Rocky Mountain Arsenal National Wildlife Refuge
Located just eleven miles northeast of downtown Denver, the Refuge is the largest contiguous open space in the Denver metropolitan area. A major environmental restoration program will be completed in 2010 and the site will be one of the largest urban national wildlife refuges in the United States.
Prior to World War II, the arsenal was farmland. Settlers began breaking the shortgrass prairie sod, planting trees and crops, and bringing Irrigation to the area in the 1880s. In 1942, the U.S. Army bought thirty square miles of farmland to establish Rocky Mountain Arsenal, a chemical weapons manufacturing facility. Weapons produced here during the war deterred the use of chemical weapons by the Axis Powers and helped achieve victory over Germany and Japan. Credit: U.S. Fish and Wildlife Service
Habitat for Wildlife - A Rich History
Refuges provide essential habitat for hundreds of threatened and endangered species and many more thousands of species of migratory birds, mammals, reptiles, amphibians, fish, invertebrates and plants.
The Refuge System was born at a tiny three-acre island off the east coast of Florida in 1903. As the 20th Century dawned, the feathers of pelicans, egrets and other wading birds were In high demand to
adorn women's hats, and "plume hunters" had ravaged the great rookeries of the southeast. On March 14, 1903 the great conservationist President Theodore Roosevelt set aside Pelican Island as a bird sanctuary - the first National Wildlife Refuge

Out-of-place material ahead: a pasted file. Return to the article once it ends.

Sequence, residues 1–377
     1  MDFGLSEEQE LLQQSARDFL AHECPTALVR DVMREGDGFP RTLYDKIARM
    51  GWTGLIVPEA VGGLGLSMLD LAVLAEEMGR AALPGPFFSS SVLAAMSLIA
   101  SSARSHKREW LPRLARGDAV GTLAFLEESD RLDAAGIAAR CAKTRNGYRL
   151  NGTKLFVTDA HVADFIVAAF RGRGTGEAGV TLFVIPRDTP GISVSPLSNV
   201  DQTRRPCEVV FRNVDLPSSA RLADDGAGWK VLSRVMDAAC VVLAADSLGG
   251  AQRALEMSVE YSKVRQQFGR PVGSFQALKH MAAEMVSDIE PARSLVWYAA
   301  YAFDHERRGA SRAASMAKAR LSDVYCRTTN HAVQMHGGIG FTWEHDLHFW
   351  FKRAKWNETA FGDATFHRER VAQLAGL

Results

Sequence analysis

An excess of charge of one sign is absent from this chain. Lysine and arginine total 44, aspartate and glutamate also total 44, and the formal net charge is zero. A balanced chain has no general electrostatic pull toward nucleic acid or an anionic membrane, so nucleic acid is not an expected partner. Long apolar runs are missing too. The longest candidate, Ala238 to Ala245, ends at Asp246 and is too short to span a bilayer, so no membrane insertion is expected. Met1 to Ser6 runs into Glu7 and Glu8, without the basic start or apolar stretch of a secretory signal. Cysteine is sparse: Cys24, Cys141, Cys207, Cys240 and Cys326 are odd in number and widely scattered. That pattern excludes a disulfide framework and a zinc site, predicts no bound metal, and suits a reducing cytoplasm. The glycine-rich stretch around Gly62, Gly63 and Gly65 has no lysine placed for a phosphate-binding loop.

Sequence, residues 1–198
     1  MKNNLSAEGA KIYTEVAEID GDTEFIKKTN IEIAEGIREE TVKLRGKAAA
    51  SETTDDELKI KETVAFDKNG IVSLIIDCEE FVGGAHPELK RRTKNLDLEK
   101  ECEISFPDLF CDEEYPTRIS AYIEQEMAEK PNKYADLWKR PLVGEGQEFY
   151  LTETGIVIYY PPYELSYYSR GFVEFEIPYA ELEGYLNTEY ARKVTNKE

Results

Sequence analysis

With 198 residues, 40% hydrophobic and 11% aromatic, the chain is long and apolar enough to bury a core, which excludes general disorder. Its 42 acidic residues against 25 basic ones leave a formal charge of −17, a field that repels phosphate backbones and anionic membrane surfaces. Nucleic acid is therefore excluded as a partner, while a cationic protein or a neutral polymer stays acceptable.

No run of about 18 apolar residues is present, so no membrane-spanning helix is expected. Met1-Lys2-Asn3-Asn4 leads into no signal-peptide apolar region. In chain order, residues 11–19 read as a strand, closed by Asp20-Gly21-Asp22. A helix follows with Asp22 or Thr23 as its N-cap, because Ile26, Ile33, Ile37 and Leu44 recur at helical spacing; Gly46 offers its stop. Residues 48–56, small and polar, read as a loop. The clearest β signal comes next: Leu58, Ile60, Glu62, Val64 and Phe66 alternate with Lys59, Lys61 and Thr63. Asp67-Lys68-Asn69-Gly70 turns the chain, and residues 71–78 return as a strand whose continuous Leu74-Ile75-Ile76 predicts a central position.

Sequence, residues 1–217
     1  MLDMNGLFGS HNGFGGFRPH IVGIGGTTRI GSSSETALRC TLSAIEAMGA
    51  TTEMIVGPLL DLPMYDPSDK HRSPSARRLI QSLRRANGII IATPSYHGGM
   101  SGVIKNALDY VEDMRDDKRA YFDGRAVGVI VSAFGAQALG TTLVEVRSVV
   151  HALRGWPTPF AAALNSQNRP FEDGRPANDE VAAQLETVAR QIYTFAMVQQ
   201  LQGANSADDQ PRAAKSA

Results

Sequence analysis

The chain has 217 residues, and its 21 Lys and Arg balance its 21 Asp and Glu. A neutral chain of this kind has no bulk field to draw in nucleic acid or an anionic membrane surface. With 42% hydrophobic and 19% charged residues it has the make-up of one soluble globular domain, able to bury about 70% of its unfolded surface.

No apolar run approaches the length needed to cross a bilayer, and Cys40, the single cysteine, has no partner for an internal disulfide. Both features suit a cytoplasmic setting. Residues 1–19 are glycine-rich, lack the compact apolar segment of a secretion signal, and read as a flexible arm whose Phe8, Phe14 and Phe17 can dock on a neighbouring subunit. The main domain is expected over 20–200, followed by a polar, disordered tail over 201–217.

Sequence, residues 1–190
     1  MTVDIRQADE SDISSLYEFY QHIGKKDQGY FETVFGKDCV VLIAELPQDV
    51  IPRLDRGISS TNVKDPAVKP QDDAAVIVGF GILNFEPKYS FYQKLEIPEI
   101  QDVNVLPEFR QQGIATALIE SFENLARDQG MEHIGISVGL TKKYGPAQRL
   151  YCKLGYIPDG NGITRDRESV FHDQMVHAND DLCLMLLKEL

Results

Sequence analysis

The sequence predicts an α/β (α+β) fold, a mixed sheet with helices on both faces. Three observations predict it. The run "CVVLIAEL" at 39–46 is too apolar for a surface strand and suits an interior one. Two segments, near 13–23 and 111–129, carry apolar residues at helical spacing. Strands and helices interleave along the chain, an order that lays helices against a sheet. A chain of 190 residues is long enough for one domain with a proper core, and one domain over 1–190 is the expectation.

Credit: U.S. Fish and Wildlife Service
Native Species of the Northern Shortgrass Prairie
The wildlife species native to the Rocky Mountain Arsenal National Wildlife Refuge are species adapted to live on the high plains - the northern shortgrass prairie. Prior to settlement, the bison and the black-tailed prairie dog were "keystone" species of this ecosystem. The grazing and burrowing activity of those species created habitat for many other species associated with the shortgrass prairie.
Today the Refuge supports many of its original inhabitants. Many more species exist now because of changes man has made to the landscape. The introduction of water, creation of lakes and wetlands, and tree planting have all increased the species "richness" (total number of species present) of the area by allowing many eastern species to become "naturalized" on the Refuge.
Credit: U.S. Fish and Wildlife Service
Wildlife Conservation in Action
If they come at the right time of year, visitors to the Refuge will enjoy good viewing opportunities for black-tailed prairie dogs (which can also be seen here on the Prairie Gateway Open Space), coyotes, bald eagles, and both mule and white-tailed deer.
Many species of water fowl use the Refuge's lakes, and because prairie dogs are a food source, many species of hawks and owls are seen.
From a conservation standpoint the Refuge is very important to the burrowing owl. Dozens of pairs of burrowing owls raise their young each year in the Refuge's prairie dog towns. Burrowing owl populations are depressed across North America but the Refuge supports the largest remaining breeding population along the Colorado Front Range.
Credit: U.S. Fish and Wildlife Service.
Urban and Community Forestry
Urban and community forests are dynamic ecosystems that help clean air and water, and conserve energy.
They also add form, structure and beauty to communities, reduce noise, provide places to recreate and add economic value to our communities.
Communities too, have forests: trees appear along streets and greenways, in backyards and parks. These forests enhance the quality of human life by purifying air, modifying temperatures, reducing noise pollution, improving aesthetic appeal and raising real estate values.
Arbor Day is for Everyone
A day to celebrate the planting of trees was the idea of J. Sterling Morton, who promoted tree planting while employed with the Nebraska Territory. The very first Arbor Day was celebrated in Nebraska in 1872 and was inaugurated by planting over a million trees in just one day.